Route 66 Marathons Returns - The Popularity of Marathons vs. Protecting Knees, Hips and Joints

Rarely do we bestow such recognition for completing a task set before us as we do for those known as “finishers”. In the race world, finishers are those who have dedicated themselves, their time and their discipline to the “task” of running 26.2 miles. Marathon runners used to be thought of as elite, lifelong runners. Today, marathons have never been more popular, welcoming runners from all walks of life, running experience and ages to the start line (even right here at home at Tulsa’s Route 66 marathon). With more Americans setting their sights on donning the shirt with the singular word that encapsulates one of their greatest achievements, finishers look less like the elite runners of earlier years and more like the 50 and older crowd taking up marathons for the first time in their lives. {picture here of shirt for visual}

A recent Wall Street Journal article featured 50 year old Adrienne Lotson, who was preparing to run her first NYC marathon this year. Lotson represented the more than 92,000 marathon finishers in the last 20 years over the age of 50. While participation in the grueling race has doubled in the last 20 years, the fastest growing age group participating has tripled and you guessed it, the age group is 50 and older.

While running can help reduce the risk and onset of cardiovascular disease, cancer and dementia among other diseases, running over the age of 50 can also present certain health concerns. The most critical of these is the potential for sudden cardiac death during a race. However, with the risk factor at less than 2 in 100,000 of runners over the age of 40, the risk is too low to be included among general health warnings. More common health concerns for runners 50 or older are those of hydration, nutrition and damage to joints. Runners are advised to consult with their trainer on proper hydration and nutrition before, during and after a race.

When it comes to potential joint damage running can cause, the Tulsa Orthopedic Center offers these suggestions:

Talk with your Doctor – Before starting a marathon training program, it is best to talk with your doctor about your particular physical fitness level and other health considerations. Get a recommendation for a trained and certified physical therapist or trainer to work with throughout your marathon training.

Start by Being Active – Physical activity begets more physical activity and healthier joints. You cannot expect joints that have been sedentary to all of the sudden have the ability or the flexibility to start a running program with little to no warning. If running is new to you, start with walking and other physical activity that is less strenuous on your joints. As you continue to make physical activity a part of your routine, your joints will more easily adapt to taking it that next level one step at a time.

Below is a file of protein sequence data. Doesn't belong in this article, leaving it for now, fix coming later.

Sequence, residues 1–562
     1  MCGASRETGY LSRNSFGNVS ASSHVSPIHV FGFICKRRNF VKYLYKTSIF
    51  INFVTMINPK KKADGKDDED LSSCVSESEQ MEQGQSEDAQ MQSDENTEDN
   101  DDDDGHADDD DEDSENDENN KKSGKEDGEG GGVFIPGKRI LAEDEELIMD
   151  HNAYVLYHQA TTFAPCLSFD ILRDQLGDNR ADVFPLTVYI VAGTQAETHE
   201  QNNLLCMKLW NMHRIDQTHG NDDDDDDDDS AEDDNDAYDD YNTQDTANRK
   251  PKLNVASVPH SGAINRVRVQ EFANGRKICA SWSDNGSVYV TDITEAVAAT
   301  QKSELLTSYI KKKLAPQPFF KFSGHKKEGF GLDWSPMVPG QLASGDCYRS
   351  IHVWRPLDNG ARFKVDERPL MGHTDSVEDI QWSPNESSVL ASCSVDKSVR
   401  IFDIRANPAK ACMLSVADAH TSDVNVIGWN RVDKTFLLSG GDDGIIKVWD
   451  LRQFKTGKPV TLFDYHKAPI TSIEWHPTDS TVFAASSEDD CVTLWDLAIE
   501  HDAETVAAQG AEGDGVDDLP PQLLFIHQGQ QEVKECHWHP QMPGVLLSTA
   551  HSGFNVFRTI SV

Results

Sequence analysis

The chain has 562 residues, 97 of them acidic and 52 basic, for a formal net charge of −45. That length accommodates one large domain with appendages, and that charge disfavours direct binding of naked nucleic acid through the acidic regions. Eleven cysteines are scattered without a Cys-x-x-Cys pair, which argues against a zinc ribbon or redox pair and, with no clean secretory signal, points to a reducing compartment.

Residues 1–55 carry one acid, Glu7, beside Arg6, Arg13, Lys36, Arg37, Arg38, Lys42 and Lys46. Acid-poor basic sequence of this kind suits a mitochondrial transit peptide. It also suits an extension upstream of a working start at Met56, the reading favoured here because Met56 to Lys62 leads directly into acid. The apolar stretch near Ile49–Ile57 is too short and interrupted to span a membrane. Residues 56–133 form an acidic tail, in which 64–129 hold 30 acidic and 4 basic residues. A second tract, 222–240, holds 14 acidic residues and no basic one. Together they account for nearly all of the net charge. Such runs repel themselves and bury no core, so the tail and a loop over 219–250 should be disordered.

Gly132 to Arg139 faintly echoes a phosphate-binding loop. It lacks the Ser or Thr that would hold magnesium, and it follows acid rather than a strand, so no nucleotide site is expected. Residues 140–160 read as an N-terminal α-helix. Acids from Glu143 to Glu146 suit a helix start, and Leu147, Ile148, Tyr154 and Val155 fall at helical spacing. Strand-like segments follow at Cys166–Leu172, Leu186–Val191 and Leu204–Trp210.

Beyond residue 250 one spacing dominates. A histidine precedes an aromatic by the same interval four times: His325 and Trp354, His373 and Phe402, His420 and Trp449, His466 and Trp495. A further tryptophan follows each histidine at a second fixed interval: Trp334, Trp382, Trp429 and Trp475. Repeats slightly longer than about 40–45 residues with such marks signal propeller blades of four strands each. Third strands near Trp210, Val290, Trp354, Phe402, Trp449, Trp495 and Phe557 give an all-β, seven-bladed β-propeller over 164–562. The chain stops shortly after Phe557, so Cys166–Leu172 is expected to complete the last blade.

Be Aware of Old Injuries – You may have forgotten about them, but your joints have not. Old injuries can creep back up and cause a lot of pain if you aren’t mindful of them from the onset of your training. Consult with your trainer to determine if you need to use any braces or protective gear while training.

Every Pound Counts – Be conscious of your weight and how your hips, knees and ankles may react to any added weight and the high impact of running. If your doctor or trainer suggests getting to a target weight before beginning a running program, start with low-impact exercise like walking, yoga and swimming.

Strengthen Your Joints – You’ve probably heard of the association between lower back pain and abdominal strength. The same is true of your joints. You can strengthen the muscles that support and surround your joints to help relieve pressure and prevent injury. Here are 7 strength training exercises specifically for your joints.

Stretching the Limits – Stretching can help joints become more flexible and improve range of motion over time. Incorporate the proper stretching techniques into your training program to help maximize your results and prevent injury. Consult with your trainer or doctor for proper stretching exercises.

“Every race is different based on many factors including weather, under or over training and energy level,” says orthopedic surgeon Dr. Gregory Holt of The Orthopedic Center. “There are many options to treat injuries that occur while training. The earlier one is treated the more likely it will prevent serious injury.”

Dr. Greg Holt has been involved treating the running community for many years. He has completed 26 marathons since he took up running 17 years ago.  Dr. Holt cites studies that show runners with proper biomechanics and no previous trauma have healthier cartilage than non-runners. The idea that running wears out your knees, Dr. Holt says is a myth. He recommends starting your training 6 months before a race to allow time for a sensible graduated program.